The price of gas is more than most realize

By and

The next time you groan about spending your hard earned money to fill your gas tank, think first about what your money is buying.

It takes 196,000 pounds of prehistoric buried plant material-fossil fuels-to produce one gallon of gasoline.

Ecologist Jeff Dukes, former U postdoctoral researcher, conducted a study on the amounts of fossil fuels used in one year. The study is being published in this month’s issue of the journal Climatic Change.

“Every day, people are using the fossil-fuel equivalent of all the plant matter that grows on land and in the oceans over the course of a whole year,” Dukes said in a written statement.

Dukes said that filling up with gas is comparable to stuffing 40 acres of wheat into the car’s tank every 20 miles-roots and stalks included.

Dukes conducted the study with statistics recorded during 1997. His study estimated 97 million billion pounds of carbon was used in 1997-more than 400 years’ worth of fossil fuel production.

This means that from the start of the Industrial Revolution, in 1751, the amount of fossil fuel burned is equal to 13,300 years of plant growth on Earth, according to Dukes.

After a plant dies, heat, pressure and time transforms it into coal. The same process is involved with marine plankton, which eventually turns into oil and natural gas.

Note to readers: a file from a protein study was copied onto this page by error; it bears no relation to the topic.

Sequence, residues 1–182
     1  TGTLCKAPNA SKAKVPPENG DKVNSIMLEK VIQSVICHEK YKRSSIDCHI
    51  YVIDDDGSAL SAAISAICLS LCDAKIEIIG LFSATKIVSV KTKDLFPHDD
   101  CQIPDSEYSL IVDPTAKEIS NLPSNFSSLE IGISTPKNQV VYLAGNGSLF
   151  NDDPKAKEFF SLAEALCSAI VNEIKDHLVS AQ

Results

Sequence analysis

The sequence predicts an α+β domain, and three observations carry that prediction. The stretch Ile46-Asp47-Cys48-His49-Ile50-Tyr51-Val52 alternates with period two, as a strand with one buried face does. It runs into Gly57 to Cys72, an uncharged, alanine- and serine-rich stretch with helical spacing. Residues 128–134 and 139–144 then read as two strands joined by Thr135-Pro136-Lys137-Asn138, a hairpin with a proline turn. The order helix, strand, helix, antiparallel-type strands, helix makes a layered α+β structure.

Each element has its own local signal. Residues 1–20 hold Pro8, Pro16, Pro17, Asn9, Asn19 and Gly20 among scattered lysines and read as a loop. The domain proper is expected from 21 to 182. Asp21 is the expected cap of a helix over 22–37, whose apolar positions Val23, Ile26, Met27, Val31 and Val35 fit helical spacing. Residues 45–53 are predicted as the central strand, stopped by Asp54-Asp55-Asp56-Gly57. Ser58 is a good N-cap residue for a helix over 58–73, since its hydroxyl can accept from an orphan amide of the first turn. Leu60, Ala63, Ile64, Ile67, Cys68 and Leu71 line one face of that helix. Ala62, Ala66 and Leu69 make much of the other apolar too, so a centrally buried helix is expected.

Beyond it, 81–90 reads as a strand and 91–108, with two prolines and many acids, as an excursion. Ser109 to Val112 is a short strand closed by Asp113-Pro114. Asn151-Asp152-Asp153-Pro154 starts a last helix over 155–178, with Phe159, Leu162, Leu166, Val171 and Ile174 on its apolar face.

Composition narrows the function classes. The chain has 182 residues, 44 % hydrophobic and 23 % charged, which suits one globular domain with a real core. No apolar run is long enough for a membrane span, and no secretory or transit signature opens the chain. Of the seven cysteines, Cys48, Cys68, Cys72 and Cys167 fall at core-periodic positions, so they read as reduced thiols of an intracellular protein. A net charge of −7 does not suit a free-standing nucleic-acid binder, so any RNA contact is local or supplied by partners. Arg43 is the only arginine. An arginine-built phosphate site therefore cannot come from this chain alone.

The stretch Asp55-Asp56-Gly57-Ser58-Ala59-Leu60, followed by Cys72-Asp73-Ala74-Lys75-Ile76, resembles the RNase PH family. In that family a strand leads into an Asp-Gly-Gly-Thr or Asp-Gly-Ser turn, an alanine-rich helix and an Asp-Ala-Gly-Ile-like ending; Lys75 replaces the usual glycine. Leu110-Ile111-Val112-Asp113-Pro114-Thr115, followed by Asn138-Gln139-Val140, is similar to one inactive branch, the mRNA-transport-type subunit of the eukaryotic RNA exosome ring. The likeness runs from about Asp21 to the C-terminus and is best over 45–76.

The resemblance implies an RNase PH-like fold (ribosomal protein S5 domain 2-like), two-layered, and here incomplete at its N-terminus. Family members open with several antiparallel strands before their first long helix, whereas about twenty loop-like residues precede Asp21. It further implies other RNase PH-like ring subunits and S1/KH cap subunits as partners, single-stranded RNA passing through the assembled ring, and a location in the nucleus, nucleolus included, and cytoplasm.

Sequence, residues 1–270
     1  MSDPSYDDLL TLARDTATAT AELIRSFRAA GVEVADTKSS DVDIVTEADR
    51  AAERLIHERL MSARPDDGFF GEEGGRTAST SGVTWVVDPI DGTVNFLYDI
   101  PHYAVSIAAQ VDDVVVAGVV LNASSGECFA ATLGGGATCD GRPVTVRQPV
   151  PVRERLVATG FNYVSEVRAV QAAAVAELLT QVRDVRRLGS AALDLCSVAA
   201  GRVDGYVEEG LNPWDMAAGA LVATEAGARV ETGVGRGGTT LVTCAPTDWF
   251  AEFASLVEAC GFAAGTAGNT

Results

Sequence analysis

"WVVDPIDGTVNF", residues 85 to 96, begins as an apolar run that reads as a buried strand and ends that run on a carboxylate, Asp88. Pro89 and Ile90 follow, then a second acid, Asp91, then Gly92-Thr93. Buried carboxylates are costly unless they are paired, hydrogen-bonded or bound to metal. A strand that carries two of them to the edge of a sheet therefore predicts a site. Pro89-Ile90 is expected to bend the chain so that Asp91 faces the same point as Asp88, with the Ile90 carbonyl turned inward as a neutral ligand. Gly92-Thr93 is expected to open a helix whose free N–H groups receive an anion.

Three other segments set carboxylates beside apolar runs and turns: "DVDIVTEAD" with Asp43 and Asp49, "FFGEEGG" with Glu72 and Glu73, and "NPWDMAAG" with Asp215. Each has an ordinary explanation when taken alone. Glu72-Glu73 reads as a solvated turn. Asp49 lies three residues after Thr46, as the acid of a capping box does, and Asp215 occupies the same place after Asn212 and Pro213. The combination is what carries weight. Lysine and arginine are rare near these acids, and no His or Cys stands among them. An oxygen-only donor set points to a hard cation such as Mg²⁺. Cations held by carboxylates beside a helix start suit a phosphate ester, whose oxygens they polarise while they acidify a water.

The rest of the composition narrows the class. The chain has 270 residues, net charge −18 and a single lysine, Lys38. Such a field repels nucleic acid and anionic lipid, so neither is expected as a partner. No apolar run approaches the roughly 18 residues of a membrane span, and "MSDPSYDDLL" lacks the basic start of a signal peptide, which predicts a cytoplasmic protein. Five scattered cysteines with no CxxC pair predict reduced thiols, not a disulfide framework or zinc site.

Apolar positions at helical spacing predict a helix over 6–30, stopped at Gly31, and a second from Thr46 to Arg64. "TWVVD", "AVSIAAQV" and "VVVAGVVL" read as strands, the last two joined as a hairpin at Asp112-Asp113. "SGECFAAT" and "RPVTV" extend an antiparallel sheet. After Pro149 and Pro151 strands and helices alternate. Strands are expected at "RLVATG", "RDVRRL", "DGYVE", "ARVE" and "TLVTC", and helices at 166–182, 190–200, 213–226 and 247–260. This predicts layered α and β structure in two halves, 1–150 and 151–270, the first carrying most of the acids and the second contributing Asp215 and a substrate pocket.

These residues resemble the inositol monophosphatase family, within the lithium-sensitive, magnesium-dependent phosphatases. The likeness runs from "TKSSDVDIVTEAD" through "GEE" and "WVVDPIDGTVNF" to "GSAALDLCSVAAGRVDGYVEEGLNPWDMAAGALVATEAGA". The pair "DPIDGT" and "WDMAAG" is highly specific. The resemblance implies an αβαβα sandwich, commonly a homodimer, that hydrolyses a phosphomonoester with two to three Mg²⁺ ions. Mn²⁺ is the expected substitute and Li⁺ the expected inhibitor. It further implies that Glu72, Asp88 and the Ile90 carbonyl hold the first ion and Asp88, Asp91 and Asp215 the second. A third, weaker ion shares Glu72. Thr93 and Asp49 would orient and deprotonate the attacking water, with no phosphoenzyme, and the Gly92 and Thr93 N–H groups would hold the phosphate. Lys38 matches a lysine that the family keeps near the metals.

Each step of the process results in a loss of original energy. The most staggering energy loss occurs after humans become involved, according to the magazine The Economist. Dukes’ study shows that less than 10 percent of a plant’s energy content is converted into coal-the rest is lost during the extraction and consumption process.

One solution researchers have considered is to produce and burn “biomass”-modern plants converted to fuels such as ethanol. Dukes studied the numbers for this solution as well.

He concluded that 22 percent of all land plants must be harvested to produce enough energy to equal what was used in 1997. That would be 50 percent more plants currently removed or destroyed each year.

“Relying totally on biomass for our power…would force us to dedicate a huge part of the landscape to growing these fuels. It would have major environmental consequences,” Duke said.

The United States has had more than 160 years to perfect electric cars-the first was built in 1834 by Thomas Davenport. Other alternatives, including solar-powered vehicles, are on the drawing board as well.

According to Dukes, perfecting the alternatives should be a top priority. “It is much more efficient to use modern energy sources like wind and solar. As the reasons keep piling up to switch away from fossil fuels, it is important that we develop these modern power sources as quickly as possible.”

Dukes conducted his postdoctoral research at the U from 1999 to 2001 in the lab of Jim Ehleringer. He now works in the Department of Global Ecology in the Carnegie Institution of Washington, on the campus of Stanford University.

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